He writes that his reserve service “will always be one of the highlights of my life, but the price of admission was an ongoing flow of administrativia.” That’s not how it’s supposed to work. The paperwork isn’t the price of admission but the start of a long, grueling test.
Combat veterans have grumbled for decades about the direct-commission route. The politically connected and other luminaries who receive immediate commissions are disparaged as “pomeranian princes.” Former Trump chief of staff Reince Priebus became a Naval Reserve officer in 2018 at age 46. Hunter Biden, son of the former vice president, accepted a direct commission but was discharged after one month of service for failing a drug test.
Mr. Buttigieg was assigned to a comfortable corner of military life, the Naval Station in Great Lakes, Ill. Paperwork and light exercise were the order of the day. “Working eight-hour days,” he writes, was “a relaxing contrast from my day job, and spending time with sailors from all walks of civilian life, was a healthy antidote to the all absorbing work I had in South Bend.” He calls it “a forced, but welcome, change of pace from the constant activity of being mayor.”
During a November debate, Mr. Buttigieg proclaimed: “I have the experience of being commanded into a war zone by an American president.” The reality isn’t so grandiose. In 2013, he writes, he “made sure my chain of command knew that I would rather go sooner than later, and would rather go to Afghanistan than anywhere else.”
Arriving there, he “felt a sense of purpose, maybe even idealism, that can only be compared to the feeling of starting on a political campaign. I thought back to 2004 and John Kerry’s presidential run, and then remembered that it was during the campaign that I saw the iconic footage of his testimony as the spokesman for Vietnam Veterans against the War.”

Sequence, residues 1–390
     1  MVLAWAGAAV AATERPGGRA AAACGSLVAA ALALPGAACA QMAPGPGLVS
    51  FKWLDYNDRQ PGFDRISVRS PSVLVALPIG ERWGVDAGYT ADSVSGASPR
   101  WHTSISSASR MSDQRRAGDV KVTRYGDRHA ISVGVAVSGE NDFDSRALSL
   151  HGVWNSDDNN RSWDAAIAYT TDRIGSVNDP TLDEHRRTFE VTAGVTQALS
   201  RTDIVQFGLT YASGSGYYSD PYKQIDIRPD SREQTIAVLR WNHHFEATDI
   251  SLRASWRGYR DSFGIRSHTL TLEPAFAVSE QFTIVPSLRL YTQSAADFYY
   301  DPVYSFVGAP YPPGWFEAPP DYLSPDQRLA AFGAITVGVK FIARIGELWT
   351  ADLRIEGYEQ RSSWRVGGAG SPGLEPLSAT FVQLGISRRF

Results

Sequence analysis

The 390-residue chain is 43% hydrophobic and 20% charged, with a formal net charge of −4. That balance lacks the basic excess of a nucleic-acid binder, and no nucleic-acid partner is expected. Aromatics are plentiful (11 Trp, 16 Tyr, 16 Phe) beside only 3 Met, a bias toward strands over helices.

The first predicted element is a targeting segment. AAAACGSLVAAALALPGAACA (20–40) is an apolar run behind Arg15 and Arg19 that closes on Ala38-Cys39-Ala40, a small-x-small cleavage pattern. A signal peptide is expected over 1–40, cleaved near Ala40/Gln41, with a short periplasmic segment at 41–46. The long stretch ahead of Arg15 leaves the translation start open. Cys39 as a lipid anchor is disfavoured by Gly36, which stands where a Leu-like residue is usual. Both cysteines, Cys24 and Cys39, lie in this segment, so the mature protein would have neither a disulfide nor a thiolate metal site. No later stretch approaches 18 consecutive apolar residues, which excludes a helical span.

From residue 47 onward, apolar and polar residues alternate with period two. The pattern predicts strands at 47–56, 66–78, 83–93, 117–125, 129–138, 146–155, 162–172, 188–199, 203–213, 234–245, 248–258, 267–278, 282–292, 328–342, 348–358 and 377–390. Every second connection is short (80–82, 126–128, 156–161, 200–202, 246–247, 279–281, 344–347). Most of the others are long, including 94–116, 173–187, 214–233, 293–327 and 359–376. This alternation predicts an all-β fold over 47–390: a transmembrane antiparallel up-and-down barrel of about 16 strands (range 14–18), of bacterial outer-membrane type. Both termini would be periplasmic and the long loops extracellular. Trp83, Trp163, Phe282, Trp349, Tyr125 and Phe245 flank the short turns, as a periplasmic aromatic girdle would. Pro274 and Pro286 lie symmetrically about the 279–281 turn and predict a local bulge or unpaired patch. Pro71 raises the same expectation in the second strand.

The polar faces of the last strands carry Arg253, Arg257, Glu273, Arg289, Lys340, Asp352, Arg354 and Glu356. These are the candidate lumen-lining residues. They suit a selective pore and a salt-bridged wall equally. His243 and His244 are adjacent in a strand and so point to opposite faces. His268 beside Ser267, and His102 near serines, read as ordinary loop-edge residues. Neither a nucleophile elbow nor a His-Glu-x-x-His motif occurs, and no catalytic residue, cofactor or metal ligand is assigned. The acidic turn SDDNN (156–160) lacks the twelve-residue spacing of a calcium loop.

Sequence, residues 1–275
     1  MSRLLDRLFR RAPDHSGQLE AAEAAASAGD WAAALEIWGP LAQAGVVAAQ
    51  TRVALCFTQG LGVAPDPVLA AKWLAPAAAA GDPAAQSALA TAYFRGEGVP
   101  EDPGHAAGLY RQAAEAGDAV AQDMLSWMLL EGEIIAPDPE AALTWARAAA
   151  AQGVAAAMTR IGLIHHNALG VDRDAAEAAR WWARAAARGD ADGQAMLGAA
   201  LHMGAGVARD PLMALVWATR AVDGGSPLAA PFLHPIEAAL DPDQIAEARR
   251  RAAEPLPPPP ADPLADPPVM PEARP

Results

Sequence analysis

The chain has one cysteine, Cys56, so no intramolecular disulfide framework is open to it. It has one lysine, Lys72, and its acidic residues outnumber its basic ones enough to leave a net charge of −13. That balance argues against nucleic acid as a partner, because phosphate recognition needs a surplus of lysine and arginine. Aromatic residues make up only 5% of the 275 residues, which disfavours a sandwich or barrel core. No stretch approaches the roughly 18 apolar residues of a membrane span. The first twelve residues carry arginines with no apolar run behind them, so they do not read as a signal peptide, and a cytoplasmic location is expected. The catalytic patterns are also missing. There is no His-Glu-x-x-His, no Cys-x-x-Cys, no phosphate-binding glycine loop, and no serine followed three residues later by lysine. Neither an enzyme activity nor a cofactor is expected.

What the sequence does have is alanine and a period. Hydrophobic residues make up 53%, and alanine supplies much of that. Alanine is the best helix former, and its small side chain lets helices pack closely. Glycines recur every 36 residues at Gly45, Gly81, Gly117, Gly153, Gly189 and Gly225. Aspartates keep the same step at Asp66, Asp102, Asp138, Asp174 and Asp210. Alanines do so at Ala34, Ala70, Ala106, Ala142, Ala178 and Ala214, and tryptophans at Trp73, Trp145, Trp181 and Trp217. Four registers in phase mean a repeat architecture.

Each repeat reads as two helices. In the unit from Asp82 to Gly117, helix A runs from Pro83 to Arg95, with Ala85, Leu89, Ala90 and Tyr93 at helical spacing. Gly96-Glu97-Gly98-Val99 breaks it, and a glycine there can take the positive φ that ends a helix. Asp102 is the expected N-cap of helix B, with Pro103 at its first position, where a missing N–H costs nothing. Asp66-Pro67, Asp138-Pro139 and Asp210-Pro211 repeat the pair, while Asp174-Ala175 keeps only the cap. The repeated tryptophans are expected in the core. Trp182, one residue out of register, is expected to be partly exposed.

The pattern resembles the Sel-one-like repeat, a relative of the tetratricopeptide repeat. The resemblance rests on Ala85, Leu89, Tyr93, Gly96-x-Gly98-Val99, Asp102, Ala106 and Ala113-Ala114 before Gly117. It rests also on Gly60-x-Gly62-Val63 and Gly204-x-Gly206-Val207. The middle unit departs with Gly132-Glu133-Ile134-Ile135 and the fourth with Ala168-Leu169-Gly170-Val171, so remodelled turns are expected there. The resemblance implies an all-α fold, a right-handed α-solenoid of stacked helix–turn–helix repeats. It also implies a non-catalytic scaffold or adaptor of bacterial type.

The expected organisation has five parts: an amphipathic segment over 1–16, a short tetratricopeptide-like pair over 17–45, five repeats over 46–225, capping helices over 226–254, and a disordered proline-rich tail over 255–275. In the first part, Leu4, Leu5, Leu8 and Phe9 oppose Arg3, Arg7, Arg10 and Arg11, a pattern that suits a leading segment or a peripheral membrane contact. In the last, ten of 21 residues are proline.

The comparison is telling. Mr. Buttigieg has just started his time in a war he says he’s idealistic about, but he daydreams about John Kerry protesting Vietnam after he got back. Many veterans detest Mr. Kerry’s “iconic” 1971 testimony, in which he slandered American servicemen. But it did launch a decades long political career.
Mr. Buttigieg spent some five months in Afghanistan, where he writes that he remained less busy than he’d been at City Hall, with “more time for reflection and reading than I was used to back home.” He writes that he would take “a laptop and a cigar up to the roof at midnight to pick up a Wi-Fi signal and patch via Skype into a staff meeting at home.” The closest he came to combat was ferrying other staffers around in an SUV: In his campaign kickoff speech last April he referred to “119 trips I took outside the wire, driving or guarding a vehicle.” That’s a strange thing to count. Combat sorties in an F-18 are carefully logged. Driving a car isn’t.
After the welcome-home rally, glowing press, a few more years of light service, the mayor left the reserves. But his bragging rights were assured. Candidate Buttigieg takes every opportunity to lean in on those months in Afghanistan. Questions ranging from student debt to Colin Kaepernick to gun control prompt him to reference his military stint, sometimes indignantly.
“I don’t need lessons from you on courage,” he lectured former Rep. Beto O’Rourke in an October debate, “political or personal.” Two months later he told Sen. Amy Klobuchar, “Let me tell you about my relationship to the First Amendment. It is part of the Constitution that I raised my right hand and swore to defend with my life. That is my experience, and it may not be the same as yours, but it counts, Senator, it counts.”
Debate moderators and other journalists—hardly a veteran among them—eagerly sell Mr. Buttigieg’s narrative. Debate moderators often point out that he served in Afghanistan and, if Tulsi Gabbard isn’t there, is the only veteran on the stage. When Ms. Gabbard is present, the moderators seldom mention her military experience, which dwarfs Mr. Buttigieg’s.